The sixth finding is that invasives are the second leading threat to endangered species, whatever that designation means. It does not mention what number one is. Seven states that invasion rates have increased exponentially over the past 200 years. Are they aware that all increases are exponential? And then, wetlands suffer compound impacts, whatever that means. Of course, all wetlands are wonderful ever since they stopped calling them quagmires. The ninth is very objective indeed, stating that the rate of invasions continues to be unacceptable. Then, infestations by aquatic invasive species often spread and cause significant, negative regional, national, and international effects. Again highly technical stuff, obviously calling for deep involvement by the feds and the high and mighty United Nations. This is followed by finding eleven, which leads to twelve and subsequently to twenty, which says little but pleads with the Senators to do what is in the interest of the United States. Undoubtedly, all of these findings are based on the best that science has to offer.

The next section of S.525 presents 35 definitions. For the sake of the reader, only the most bothersome ones will be discussed. Number seven is environmentally sound, which of course should guide, or actually dictate, the activities of every human on the face of the Earth. It has to do with minimizing adverse effects on structure and function of an ecosystem and nontarget organisms and ecosystems. Bear that in mind before you take your next step. Number nine defines the Great Lake to be all of the Great Lakes, the connecting channels of those Lakes, and any other body of water located within the drainage basin of such. They certainly aim to stake out a massive kingdom. Undoubtedly, the states and localities would no longer have to be bothered with much of anything. Could it be that the lords have elaborate master planning and social engineering in mind.

Definition fifteen states that introduction means transfer of an organism to an ecosystem outside the historic range of the species of which the organism is a member. Pray tell just what is an ecosystem? Does it have bounds? And can one tell when they go from one to another? Then the matter of historic range. How far back in history does one have to go? Sort of the same as the problem of deciding how long a person has to live in a community to be called a native. A similar dilemma exists with twenty, which defines a nonindigenous species as one that enters the ecosystem from outside the historic range. Anyone even approximating an ecologist knows that all ecosystems are in a constant state of flux and that species over time come and go as a result of natural changes in habitat or adaptive changes on the part of the species.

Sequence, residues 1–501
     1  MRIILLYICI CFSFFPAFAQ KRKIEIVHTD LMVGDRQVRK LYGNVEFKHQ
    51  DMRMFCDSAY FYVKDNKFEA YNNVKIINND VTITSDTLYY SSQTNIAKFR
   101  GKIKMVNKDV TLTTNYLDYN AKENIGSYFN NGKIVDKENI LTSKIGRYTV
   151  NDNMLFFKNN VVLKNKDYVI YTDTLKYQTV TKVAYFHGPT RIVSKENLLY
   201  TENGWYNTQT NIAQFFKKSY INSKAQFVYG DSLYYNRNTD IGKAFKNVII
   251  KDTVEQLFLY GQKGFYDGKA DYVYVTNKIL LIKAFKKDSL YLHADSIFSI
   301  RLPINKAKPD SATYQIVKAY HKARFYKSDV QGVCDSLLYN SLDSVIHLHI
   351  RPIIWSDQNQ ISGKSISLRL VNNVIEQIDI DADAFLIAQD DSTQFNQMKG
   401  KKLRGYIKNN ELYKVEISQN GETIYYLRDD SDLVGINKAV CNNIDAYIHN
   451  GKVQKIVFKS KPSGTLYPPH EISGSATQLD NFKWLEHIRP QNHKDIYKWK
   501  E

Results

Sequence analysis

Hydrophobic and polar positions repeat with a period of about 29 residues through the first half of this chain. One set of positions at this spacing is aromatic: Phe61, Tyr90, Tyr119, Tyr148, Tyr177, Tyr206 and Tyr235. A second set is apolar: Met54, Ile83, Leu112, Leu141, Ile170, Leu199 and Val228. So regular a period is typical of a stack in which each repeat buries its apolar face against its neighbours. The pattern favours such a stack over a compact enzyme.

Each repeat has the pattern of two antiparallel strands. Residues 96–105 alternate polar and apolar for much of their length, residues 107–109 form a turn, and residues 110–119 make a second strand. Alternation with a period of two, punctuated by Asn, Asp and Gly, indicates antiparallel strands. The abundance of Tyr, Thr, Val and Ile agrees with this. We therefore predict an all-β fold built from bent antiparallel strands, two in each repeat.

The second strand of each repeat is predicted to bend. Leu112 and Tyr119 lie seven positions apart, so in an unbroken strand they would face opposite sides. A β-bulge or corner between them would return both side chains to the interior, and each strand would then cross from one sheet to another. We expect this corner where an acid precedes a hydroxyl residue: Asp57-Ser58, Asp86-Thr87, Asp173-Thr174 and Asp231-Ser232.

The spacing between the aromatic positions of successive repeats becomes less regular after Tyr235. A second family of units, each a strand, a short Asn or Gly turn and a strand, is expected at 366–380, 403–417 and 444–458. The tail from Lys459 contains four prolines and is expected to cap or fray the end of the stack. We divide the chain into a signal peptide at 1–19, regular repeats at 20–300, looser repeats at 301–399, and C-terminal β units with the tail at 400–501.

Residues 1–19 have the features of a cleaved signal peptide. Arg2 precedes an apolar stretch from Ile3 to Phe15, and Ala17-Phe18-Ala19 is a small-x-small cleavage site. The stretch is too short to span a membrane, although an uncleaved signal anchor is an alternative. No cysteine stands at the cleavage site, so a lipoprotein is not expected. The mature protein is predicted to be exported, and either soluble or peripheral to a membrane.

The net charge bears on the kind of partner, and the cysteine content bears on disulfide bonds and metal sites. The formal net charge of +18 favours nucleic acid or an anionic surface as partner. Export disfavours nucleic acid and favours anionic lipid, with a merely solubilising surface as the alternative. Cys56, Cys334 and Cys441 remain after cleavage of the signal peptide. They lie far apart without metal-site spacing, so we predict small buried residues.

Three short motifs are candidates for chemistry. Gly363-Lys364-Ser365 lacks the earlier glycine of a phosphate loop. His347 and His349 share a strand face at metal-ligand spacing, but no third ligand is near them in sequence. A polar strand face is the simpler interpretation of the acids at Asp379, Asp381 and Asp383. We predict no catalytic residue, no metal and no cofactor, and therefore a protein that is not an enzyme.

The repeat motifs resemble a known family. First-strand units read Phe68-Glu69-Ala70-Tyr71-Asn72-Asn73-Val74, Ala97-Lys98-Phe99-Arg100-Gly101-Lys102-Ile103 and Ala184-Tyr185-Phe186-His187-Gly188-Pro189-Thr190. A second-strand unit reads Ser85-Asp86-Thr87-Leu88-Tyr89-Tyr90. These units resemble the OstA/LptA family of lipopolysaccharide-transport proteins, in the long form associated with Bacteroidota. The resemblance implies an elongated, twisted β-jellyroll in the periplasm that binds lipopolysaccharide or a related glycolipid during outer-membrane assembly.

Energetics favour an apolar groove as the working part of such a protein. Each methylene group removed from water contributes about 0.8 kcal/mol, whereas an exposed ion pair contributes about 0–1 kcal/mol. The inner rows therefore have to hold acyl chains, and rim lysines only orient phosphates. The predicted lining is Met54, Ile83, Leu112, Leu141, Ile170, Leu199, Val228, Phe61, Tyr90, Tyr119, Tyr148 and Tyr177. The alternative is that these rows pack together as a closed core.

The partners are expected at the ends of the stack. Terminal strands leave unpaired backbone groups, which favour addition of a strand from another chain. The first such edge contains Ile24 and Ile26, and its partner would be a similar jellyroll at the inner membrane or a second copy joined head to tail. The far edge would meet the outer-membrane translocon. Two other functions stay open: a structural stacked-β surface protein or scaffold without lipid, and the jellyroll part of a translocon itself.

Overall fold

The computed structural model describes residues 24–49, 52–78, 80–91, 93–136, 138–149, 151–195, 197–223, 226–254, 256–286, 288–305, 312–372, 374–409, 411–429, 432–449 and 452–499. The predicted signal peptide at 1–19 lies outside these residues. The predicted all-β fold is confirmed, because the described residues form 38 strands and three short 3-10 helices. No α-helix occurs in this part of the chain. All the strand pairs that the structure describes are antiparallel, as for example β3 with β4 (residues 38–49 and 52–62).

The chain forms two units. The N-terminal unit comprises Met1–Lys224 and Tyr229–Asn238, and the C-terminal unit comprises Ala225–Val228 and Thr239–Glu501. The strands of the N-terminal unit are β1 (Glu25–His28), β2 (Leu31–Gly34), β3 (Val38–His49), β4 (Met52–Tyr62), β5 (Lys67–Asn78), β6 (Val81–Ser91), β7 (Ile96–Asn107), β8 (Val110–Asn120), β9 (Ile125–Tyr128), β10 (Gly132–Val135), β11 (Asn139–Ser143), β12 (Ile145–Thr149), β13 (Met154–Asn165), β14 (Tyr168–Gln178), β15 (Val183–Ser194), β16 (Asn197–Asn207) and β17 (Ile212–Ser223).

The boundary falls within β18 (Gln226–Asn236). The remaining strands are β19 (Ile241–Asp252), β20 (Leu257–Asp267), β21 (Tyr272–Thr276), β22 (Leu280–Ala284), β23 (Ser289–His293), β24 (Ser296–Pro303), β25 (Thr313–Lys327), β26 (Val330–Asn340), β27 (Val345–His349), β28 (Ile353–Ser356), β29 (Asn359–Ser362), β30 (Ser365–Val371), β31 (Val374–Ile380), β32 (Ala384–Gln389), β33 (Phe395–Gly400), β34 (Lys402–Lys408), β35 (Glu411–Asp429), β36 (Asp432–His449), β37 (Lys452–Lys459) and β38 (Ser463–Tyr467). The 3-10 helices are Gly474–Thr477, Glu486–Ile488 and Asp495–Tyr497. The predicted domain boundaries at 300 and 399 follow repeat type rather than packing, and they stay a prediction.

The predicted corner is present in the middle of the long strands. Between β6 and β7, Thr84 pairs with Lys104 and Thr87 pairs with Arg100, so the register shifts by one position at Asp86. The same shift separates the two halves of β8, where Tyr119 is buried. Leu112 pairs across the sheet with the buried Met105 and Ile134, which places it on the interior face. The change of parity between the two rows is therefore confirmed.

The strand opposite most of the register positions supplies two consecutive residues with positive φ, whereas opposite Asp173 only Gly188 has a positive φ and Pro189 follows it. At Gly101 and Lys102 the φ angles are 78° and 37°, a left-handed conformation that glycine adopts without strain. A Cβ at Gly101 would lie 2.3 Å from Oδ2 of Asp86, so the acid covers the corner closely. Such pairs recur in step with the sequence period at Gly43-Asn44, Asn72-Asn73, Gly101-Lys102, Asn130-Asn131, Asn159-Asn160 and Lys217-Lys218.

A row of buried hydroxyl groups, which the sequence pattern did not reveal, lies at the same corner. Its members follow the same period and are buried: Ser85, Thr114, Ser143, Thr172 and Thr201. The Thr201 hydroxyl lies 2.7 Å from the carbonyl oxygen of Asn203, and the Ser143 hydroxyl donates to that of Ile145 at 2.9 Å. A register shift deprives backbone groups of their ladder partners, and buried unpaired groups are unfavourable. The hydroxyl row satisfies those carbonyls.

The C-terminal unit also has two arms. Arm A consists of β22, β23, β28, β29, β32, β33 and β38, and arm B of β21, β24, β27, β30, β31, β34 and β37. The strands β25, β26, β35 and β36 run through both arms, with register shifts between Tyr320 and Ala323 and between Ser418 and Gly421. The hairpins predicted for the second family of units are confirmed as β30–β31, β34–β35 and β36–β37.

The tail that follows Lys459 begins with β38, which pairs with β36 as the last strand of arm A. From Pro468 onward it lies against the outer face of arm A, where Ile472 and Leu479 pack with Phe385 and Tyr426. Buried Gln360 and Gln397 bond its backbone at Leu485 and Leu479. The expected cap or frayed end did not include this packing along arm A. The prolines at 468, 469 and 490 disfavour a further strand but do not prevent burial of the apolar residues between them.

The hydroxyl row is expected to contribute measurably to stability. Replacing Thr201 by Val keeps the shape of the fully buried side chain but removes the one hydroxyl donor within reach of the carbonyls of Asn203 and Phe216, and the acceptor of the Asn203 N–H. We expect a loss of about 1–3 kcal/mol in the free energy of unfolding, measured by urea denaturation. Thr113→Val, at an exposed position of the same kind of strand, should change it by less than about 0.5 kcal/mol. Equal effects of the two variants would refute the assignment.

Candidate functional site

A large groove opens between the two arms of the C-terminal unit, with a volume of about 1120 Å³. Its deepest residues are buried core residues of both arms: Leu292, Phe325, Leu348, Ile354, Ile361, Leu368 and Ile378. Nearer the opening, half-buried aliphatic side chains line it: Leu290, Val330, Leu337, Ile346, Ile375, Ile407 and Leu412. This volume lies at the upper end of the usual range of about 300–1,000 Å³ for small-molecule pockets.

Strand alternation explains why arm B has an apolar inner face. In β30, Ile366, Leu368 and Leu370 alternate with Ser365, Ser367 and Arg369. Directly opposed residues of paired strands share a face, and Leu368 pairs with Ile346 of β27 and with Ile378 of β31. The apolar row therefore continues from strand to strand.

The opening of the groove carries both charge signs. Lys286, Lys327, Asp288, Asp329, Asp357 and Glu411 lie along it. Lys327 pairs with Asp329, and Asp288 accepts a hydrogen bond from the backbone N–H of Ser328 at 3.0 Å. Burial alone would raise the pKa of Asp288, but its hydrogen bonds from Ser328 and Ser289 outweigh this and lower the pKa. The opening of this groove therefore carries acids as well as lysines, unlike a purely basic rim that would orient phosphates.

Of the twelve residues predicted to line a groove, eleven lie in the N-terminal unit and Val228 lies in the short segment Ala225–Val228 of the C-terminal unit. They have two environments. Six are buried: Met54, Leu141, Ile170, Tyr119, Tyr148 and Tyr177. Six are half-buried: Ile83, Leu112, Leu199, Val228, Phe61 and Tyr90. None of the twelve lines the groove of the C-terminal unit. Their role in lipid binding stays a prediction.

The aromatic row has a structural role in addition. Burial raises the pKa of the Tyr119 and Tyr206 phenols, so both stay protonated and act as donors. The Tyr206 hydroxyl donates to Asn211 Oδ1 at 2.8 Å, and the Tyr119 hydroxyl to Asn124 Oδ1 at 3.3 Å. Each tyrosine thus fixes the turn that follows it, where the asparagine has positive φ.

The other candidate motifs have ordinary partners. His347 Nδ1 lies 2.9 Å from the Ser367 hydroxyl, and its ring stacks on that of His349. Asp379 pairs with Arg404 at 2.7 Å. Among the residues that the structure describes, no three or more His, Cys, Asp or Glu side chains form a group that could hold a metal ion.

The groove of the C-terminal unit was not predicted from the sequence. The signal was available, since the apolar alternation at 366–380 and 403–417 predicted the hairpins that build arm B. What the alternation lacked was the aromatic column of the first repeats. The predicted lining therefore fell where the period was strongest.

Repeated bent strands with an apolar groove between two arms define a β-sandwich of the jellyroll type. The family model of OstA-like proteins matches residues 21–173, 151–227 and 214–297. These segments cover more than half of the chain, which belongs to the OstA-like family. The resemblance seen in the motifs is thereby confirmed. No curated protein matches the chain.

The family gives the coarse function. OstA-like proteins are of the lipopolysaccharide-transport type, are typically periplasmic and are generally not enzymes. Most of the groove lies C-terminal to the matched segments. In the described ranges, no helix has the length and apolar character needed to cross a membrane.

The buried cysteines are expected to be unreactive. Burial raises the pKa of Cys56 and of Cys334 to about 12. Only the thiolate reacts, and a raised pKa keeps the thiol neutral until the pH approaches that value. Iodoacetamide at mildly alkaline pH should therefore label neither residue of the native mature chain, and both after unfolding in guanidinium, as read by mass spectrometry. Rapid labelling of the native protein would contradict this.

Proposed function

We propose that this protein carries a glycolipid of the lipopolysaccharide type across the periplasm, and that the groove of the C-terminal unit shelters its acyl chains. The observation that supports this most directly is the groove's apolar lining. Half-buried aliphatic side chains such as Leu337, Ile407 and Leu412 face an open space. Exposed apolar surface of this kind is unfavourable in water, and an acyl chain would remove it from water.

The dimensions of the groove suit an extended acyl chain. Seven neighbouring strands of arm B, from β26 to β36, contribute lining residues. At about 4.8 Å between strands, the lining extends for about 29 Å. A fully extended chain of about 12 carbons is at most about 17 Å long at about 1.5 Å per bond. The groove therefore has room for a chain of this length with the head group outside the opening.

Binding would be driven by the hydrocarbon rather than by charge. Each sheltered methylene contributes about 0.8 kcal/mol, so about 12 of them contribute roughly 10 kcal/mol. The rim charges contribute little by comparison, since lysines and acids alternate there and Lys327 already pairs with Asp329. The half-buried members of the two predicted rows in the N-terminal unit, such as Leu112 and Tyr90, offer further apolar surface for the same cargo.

Then there is the pathway, which is one or more routes by which a species goes from one ecosystem to another. Certainly it knows when it goes from one to another. There is the pilot scale test, which is conducted at less than full scale, the results of which can potentially be extrapolated to full scale. Is not this always the case? Twenty-five is planned importation, which was probably inserted by environmentalists to allow them to play God and kidnap wolves from Canada and release them in the States, or any other wild schemes their hearts may desire. Finally, there is the scary definition of undesirable impact. To the high and mighty this means economic, human, health, aesthetic, or environmental degradation that is not necessary for, and is not clearly outweighed by public health, environmental, or welfare benefits. This is all encompassing giving the social engineers a blank check to do anything they deem necessary anywhere, even in your own backyard.

This review has covered only a small percentage of the Invasive Species Act, but it should provide a fairly good idea of just how intrusive it might be. The entire act can be retrieved from the U.S. Senate website.

The proposed bill is undoubtedly a concoction of those decidedly on the liberal side of the political spectrum. It might be interesting to note that these are the same people who turn their backs on the massive problems confronting the United States from illegal and indiscriminant legal human immigration from all parts of the world. These not only threaten security but have tremendous economic, social, and political impacts.

Yes, this country should be concerned with the likes of the zebra mussel and purple loosestrife, but discipline on the part of the leaders and citizens must prevail, if traditional American society is to endure.

September 5, 2003
Nate Dickinson

Email Nate Dickinson: rdickinson@nycap.rr.com